Prepare for the corner after next.
4. Ride a bike that matches your style - and skill level - of riding
This piece of safe-riding advice might actually be a bit controversial, because many would argue that it doesn’t really matter what type of motorcycle you’re riding, and if you’re a good rider then you should be able to ride anything, right?

Well, whilst we believe that to be generally true, the style of bike that you’re riding can vastly affect your levels of comfort whilst riding and this can massively affect your safety.

If you’re only used to riding a low-to-the-ground cruiser that has your feet placed on boards in front of you and have never ridden a litre sportsbike with your stomach pressed against the tank and your feet placed high and behind you on pegs before, then it stands to reason that you’re not going to feel as confident as you would normally.

Add to that the effect that this new stance will have on your experience of cornering and handling and it’s easy to see why this piece of advice makes sense.

So we’re not saying only ride the same style of bike that you’re used to - in fact we’d fully recommend riding any and all available machines available to you in order to determine which style of bike you actually prefer - but if you’re intending on popping out for a ‘spirited’ ride, then we thoroughly recommend doing it on a machine that you feel comfortable with.
5. Plan ahead (the weather forecast is your friend)
This could well have been placed into the ‘Always be prepared’ section, but we felt that it deserved being singled out. Because planning and aforethought is everything when taking a long motorcycle trip.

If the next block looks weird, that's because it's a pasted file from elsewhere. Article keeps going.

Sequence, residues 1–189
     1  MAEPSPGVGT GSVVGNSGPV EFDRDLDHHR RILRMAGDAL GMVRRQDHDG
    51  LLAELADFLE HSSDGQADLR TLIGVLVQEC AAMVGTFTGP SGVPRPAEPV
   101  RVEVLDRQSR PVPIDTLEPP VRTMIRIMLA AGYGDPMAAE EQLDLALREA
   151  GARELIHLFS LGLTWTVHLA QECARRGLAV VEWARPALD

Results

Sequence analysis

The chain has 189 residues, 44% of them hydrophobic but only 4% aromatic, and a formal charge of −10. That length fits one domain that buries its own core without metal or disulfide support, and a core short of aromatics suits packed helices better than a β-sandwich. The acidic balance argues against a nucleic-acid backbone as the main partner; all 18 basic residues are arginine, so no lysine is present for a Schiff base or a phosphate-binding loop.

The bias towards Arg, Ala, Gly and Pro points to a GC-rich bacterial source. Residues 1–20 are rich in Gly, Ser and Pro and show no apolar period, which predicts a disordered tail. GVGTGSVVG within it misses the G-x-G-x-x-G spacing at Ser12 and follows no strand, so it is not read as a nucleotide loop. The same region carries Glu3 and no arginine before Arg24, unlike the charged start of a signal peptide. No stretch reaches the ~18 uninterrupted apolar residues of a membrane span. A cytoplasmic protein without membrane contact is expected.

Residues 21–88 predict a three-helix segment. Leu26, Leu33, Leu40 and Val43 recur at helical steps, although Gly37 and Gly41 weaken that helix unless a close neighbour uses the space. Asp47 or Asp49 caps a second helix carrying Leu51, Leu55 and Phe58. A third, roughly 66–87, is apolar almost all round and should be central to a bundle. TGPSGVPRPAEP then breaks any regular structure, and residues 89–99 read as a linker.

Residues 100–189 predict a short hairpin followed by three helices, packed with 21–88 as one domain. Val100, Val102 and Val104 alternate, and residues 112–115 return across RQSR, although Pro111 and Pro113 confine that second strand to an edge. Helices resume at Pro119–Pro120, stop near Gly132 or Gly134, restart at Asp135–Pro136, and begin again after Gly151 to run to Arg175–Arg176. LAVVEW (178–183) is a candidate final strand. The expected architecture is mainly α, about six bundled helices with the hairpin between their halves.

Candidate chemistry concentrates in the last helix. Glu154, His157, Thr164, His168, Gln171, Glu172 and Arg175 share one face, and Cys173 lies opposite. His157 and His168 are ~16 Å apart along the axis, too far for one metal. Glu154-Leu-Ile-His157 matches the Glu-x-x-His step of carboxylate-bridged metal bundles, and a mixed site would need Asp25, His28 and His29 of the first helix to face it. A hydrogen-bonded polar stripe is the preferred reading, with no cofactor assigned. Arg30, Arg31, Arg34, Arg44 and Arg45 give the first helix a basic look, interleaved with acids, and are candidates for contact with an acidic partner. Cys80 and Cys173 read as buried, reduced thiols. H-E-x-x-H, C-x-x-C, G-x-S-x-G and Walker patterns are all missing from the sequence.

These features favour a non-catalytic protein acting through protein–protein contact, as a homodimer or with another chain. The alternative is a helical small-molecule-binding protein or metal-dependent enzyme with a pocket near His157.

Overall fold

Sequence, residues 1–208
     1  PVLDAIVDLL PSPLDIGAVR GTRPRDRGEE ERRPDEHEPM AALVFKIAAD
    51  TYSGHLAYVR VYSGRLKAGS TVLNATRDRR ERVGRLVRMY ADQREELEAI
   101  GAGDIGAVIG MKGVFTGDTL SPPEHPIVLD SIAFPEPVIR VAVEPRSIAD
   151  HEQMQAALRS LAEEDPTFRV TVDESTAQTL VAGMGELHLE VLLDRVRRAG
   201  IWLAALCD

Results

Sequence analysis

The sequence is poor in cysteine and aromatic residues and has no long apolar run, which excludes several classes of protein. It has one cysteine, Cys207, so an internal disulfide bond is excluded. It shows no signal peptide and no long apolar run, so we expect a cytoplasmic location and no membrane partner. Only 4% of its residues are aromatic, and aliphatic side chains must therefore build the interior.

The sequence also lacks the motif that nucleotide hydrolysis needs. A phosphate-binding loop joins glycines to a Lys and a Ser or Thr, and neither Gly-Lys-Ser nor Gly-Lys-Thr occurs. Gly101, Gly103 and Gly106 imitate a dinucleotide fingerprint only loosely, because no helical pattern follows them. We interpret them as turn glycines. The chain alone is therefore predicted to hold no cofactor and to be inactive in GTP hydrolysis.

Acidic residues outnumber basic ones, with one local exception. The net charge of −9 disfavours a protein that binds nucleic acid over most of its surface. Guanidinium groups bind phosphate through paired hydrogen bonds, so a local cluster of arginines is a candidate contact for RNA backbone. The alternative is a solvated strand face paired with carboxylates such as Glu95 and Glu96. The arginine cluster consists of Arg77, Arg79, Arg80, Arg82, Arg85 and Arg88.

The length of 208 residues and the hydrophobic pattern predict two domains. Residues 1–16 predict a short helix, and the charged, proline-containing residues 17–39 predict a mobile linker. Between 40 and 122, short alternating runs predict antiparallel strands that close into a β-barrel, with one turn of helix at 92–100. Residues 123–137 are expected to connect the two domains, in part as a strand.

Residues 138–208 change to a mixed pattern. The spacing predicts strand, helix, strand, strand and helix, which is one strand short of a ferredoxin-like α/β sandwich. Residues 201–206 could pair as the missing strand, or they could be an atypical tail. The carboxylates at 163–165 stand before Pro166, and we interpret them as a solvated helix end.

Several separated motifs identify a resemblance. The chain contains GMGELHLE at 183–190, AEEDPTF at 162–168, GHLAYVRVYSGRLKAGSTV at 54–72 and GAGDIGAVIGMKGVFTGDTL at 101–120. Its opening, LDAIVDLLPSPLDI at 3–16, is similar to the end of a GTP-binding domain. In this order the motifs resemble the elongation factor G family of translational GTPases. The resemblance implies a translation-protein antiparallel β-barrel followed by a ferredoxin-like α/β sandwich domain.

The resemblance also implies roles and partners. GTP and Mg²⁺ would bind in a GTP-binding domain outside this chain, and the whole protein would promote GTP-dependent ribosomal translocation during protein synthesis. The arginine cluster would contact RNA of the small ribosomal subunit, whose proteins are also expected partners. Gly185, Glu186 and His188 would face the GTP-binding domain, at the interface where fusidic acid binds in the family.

It’s one thing to ride on local roads known to you and within a known environment, but when taking a longer journey it always pays to plan ahead. Familiarising yourself with the direction and roads you’re going to take means that you’ll already have been made aware of any potential hazards or problems en route, which means that you instantly have an advantage.

The same should be said for the weather forecast. Yes, we know it sounds obvious but you’ll be amazed as to how many riders we’ve encountered hiding from the rain under bridges or sheltering under trees within a lay-by because they hadn’t expected the storm on the horizon to be so strong. And regardless how good a rider you are, wet weather is unquestionably more hazardous to your riding than when it’s dry; whether that be because of the greasier roads or the reduced visibility caused by the rain.

At the very least, if you’d planned ahead, you would have known to have packed your wet-weather riding gear and those waterproof gloves, so you could have arrived at your destination in relative comfort, feeling dry and without icicles for fingers!
6. Be happy!
The more we think about this one, the more we think that we should have placed it at the top of the list, because it effectively underlines every safety tip that we’ve already mentioned.

Being alert, comfortable and aware means that you’ll have eliminated a lot of the stress of riding. And by reducing this stress you’re instantly making yourself more relaxed. And it stands to reason that the more relaxed you are, the happier you’ll be.

And motorcycling - above all other things - should be enjoyable and fun.
Related topics:
Learning to ride